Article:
Early America

“In 1492, Columbus sailed the ocean blue.” School children learn this rhyme to remember who “discovered” the New World. While technically true, Columbus only qualifies as the first verifiable explorer to have reached the New World; several others might also have reached the New World but 110 verification or proof exists.

Already inhabited by what Columbus called “Indians” (since he thought he had landed in the East Indies), the New World had also attracted other explorers from France, Spain and Portugal. Officially, Jamestown became the first European settlement, established May 14,1607. This began an influx of colonists who came for a variety of reasons, including adventure, a new start, land, religious persecution, economics, punishment and indentured servitude. This convergence of ideas, classes, education, and wealth led to diverse settlements up and down the Atlantic coast.


The American Revolution (1773-1783)
The land we now call the United States began as a settlement of the British Empire, divided up into the original 13 colonies. These colonies became the first states: Connecticut, Delaware, Georgia, Maryland, Massachusetts, New Hampshire, New Jersey, New York, North Carolina, Pennsylvania, Rhode Island, South Carolina, and Virginia.

The Colonists became increasingly disgruntled with the British Tax system. Britain charged a tax for everything they purchased from the colonies, including a tea tax, an import tax, an export tax, etc. Once the government had deducted all the taxes, no profit remained. The colonists felt they should have a say in Parliamentary process and law if they paid their taxes, but the colonists had no representative in the government. “No Taxation without Representation” became their cry.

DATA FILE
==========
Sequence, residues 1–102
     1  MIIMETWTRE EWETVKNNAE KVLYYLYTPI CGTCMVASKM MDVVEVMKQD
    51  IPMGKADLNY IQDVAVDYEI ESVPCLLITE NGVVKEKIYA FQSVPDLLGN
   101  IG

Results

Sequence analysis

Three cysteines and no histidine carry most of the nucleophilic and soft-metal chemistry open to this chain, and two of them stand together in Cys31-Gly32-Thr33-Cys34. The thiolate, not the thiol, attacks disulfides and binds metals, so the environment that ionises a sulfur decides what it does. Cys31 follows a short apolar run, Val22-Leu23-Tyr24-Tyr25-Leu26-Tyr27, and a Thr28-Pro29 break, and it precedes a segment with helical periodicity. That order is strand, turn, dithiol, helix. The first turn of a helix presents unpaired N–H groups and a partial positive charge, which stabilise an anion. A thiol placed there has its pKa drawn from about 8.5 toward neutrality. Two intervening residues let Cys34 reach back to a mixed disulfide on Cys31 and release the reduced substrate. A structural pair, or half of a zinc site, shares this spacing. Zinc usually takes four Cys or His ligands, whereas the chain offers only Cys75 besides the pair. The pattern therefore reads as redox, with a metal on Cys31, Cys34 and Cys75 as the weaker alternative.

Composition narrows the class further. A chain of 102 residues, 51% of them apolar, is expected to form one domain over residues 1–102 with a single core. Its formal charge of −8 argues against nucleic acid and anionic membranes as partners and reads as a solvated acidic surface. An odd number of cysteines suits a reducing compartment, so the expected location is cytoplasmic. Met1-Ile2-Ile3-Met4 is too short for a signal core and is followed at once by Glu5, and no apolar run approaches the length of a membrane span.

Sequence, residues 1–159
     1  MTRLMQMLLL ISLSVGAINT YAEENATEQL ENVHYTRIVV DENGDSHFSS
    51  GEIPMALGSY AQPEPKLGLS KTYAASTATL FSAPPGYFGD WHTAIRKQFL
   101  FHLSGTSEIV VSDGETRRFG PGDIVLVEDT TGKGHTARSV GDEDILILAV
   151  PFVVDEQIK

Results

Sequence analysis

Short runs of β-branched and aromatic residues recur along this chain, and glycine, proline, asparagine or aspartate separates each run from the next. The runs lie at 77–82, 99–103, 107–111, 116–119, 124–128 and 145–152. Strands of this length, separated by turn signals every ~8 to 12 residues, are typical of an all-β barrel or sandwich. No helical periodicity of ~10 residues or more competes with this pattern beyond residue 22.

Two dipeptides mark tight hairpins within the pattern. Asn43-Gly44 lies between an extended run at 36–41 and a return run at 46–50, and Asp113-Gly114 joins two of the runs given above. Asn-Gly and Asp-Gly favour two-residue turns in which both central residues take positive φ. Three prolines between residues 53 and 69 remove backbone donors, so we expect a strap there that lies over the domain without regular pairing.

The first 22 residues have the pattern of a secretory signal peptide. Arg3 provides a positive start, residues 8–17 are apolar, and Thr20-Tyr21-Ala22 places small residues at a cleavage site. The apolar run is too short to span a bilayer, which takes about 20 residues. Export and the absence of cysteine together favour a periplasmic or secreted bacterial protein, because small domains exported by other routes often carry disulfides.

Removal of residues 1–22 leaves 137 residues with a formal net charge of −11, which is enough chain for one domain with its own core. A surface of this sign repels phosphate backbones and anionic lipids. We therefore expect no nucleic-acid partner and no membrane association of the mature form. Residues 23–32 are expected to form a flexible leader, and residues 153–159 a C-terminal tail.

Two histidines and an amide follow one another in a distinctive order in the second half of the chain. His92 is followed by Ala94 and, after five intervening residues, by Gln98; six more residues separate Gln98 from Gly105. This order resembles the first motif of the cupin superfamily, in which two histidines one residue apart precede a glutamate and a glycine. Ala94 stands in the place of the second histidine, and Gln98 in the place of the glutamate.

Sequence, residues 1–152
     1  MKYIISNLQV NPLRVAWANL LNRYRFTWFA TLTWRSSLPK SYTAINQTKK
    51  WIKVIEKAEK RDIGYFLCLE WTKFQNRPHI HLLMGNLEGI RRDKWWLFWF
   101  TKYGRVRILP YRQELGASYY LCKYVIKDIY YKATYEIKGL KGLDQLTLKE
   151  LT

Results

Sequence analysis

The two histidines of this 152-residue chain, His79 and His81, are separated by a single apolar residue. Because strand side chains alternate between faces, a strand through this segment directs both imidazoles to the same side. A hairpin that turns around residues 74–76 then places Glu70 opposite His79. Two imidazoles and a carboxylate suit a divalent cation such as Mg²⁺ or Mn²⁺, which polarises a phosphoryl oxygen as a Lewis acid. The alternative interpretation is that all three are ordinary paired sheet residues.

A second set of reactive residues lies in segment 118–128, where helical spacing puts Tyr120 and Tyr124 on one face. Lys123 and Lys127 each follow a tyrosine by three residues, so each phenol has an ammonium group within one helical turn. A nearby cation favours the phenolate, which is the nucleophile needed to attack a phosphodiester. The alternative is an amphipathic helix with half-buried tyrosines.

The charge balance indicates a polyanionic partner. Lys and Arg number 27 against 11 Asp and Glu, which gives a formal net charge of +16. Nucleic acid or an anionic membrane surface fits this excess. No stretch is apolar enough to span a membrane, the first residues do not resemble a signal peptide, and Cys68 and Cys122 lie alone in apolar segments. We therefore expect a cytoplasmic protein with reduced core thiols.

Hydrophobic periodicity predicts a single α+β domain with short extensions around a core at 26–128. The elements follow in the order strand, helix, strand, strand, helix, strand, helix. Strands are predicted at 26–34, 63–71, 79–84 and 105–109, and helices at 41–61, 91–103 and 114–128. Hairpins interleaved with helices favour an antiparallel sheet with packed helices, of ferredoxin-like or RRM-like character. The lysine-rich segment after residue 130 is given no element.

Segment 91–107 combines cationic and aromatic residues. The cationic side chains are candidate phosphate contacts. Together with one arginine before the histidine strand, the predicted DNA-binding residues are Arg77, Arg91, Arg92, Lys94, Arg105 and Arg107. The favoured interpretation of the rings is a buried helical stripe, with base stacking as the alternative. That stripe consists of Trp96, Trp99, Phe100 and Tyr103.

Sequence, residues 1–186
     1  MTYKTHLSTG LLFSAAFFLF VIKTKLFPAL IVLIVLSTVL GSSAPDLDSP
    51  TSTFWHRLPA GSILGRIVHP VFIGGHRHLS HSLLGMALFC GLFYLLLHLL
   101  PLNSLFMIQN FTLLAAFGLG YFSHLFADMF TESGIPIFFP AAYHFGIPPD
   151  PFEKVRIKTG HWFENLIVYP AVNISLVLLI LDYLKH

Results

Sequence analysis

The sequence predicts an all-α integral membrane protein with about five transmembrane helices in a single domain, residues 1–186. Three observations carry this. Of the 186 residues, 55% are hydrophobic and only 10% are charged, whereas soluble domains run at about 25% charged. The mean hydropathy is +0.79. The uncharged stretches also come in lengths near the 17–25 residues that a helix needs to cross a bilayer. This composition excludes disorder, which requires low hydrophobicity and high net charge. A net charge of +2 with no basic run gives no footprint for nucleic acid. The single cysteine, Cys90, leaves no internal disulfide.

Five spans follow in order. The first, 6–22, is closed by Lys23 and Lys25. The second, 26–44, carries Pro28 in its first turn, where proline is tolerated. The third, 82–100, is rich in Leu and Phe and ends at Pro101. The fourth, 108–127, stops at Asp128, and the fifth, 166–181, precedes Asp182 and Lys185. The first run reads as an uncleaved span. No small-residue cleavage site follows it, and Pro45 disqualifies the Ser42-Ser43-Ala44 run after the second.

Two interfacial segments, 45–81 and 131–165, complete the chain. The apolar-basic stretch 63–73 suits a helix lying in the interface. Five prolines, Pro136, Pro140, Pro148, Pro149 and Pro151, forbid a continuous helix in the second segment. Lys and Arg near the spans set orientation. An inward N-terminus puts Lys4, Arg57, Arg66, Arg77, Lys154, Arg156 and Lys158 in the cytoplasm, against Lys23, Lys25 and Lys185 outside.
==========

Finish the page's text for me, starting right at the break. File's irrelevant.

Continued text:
With the unrest came an influx of British Soldiers, causing more resentment among the colonists. British law expected homeowners to house them and feed the soldiers and their horses. The culmination of the unrest and unhappiness set off an event known as “The Boston Tea Party.” Men dressed as Native American Indians boarded the English ships sitting in Boston Harbor and dumped the entire cargo of tea into the Boston Harbor. The chaos escalated into mobs and riots, but no battles occurred until August of 1775 when King George of England declared the American colonies “traitors to the crown.”

The 13 colonies declared independence from the British Empire on July 4th, 1776 by signing the Declaration of Independence. After many battles and much bloodshed, the colonists took control and expelled the British soldiers from the colonies. Signed in 1783, the Treaty' of Paris gave all the land east of the Mississippi and south of the Great Lakes to the American Colonies. Now they needed to establish a government, laws, and financial and judicial systems.